Martin Freer, University of Birmingham
Simplicity from Complexity: Clustering in Nuclei
Argonne Physics Division Colloquium - 4 Nov 2011
11:00 AM, Building 203 auditorium

The emergence of organized behavior in complex systems coordinated through local, nearest neighbor, interactions is well documented in systems ranging from biological, physical through to sociological [1]. Such self-organization, which arises from a series of well defined, sometimes complex, interactions, can produce remarkable behavior. Perhaps one of the preeminent examples is the behavior of slime-molds. These organisms are amoeboid in character but are capable of extraordinary behavior. Physarum polycephalum, for example, has been used in a variety of laboratory based experiments which explore how such a colony develops an optimal strategy for harvesting distributed food sources. A rather striking example is the recent work in which the local geography of the Tokyo area is replicated and a slime mold is used to find the optimal connectivity between the satellite towns and cities [2]. The comparison between the slime-mold and human solution (rail networks) is then rather interesting. The extension to nuclear matter is a challenge, given the complexity of the strong force. Nevertheless, relatively simple highly correlated states do emerge -- referred to as clustering. This talk will explore the driving symmetries which result in the formation of clusters in nuclei and some of the key experimental developments in the characterization of such states, and how such states lie at the origins of life itself.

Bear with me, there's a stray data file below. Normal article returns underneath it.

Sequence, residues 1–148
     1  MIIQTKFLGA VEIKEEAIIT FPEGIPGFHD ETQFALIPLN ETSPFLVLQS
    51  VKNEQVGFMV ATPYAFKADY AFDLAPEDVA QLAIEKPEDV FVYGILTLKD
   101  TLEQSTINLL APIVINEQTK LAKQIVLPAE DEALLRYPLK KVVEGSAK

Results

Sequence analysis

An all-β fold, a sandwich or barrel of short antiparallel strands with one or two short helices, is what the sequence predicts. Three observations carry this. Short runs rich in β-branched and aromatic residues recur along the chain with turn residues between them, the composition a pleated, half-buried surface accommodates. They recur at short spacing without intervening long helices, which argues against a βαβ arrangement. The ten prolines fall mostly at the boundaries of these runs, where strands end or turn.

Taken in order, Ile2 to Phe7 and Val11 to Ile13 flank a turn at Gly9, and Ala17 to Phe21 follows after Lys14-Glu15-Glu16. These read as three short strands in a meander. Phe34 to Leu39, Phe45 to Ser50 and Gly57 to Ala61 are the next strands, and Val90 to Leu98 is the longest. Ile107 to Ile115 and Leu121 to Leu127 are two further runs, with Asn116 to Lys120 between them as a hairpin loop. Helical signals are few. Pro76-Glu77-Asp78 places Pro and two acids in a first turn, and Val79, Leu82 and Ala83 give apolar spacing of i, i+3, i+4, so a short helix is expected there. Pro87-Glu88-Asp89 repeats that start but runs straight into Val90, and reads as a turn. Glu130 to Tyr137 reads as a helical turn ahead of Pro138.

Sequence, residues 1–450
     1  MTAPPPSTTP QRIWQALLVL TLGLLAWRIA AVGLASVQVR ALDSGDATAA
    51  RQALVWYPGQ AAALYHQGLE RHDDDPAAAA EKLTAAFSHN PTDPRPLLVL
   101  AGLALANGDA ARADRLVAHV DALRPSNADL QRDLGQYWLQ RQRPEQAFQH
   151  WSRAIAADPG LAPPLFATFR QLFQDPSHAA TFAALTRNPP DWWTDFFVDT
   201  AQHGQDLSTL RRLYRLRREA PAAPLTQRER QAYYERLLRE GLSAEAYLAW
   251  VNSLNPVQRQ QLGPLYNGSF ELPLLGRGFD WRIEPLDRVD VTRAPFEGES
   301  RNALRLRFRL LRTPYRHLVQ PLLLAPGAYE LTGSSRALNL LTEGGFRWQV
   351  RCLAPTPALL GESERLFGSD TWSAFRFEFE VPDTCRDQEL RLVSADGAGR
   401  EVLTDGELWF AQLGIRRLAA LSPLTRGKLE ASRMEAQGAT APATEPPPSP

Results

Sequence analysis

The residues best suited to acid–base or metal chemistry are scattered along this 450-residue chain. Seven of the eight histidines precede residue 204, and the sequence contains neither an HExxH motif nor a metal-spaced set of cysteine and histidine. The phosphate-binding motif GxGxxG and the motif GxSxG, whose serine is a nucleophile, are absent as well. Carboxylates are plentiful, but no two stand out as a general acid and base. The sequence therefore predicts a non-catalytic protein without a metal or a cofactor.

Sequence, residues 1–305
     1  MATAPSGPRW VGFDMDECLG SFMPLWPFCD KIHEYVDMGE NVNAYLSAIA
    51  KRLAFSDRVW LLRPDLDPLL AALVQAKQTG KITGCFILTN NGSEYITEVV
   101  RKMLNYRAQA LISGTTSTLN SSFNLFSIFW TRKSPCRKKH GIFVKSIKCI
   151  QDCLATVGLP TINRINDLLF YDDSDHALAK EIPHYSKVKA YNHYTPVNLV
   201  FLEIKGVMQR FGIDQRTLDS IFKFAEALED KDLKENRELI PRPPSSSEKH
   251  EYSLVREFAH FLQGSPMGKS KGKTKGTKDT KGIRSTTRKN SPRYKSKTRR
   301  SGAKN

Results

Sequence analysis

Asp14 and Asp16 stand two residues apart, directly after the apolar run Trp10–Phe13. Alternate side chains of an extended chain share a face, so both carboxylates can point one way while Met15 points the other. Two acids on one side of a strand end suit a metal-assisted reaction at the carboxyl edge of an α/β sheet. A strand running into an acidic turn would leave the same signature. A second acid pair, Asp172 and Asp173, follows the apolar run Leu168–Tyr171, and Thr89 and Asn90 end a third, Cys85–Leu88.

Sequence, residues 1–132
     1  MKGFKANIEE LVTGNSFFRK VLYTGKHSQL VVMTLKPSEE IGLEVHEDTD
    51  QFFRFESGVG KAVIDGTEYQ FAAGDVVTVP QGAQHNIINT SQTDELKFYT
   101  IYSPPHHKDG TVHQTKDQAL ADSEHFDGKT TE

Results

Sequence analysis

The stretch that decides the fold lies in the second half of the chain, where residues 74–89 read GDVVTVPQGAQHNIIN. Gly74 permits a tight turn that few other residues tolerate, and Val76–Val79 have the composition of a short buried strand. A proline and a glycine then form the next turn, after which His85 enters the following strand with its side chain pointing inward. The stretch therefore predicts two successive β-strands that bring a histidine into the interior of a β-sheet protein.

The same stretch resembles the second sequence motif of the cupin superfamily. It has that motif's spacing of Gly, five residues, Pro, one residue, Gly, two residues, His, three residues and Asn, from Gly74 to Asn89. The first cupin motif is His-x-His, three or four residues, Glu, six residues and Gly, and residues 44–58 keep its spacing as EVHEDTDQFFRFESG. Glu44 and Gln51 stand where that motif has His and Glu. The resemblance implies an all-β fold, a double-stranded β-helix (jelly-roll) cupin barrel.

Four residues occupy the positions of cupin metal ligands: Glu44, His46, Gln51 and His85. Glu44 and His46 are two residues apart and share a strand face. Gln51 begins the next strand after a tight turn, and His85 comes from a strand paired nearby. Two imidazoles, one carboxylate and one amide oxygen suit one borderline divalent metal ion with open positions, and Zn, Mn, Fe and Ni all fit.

[1] Steven Johnson, Emergence: The Connected Lives of Ants, Brains, Cities and Software, 2002, Penguin Books Ltd.

[2] A. Tero, et al., Science 327, (2010) 439

Argonne Physics Division Colloquium Schedule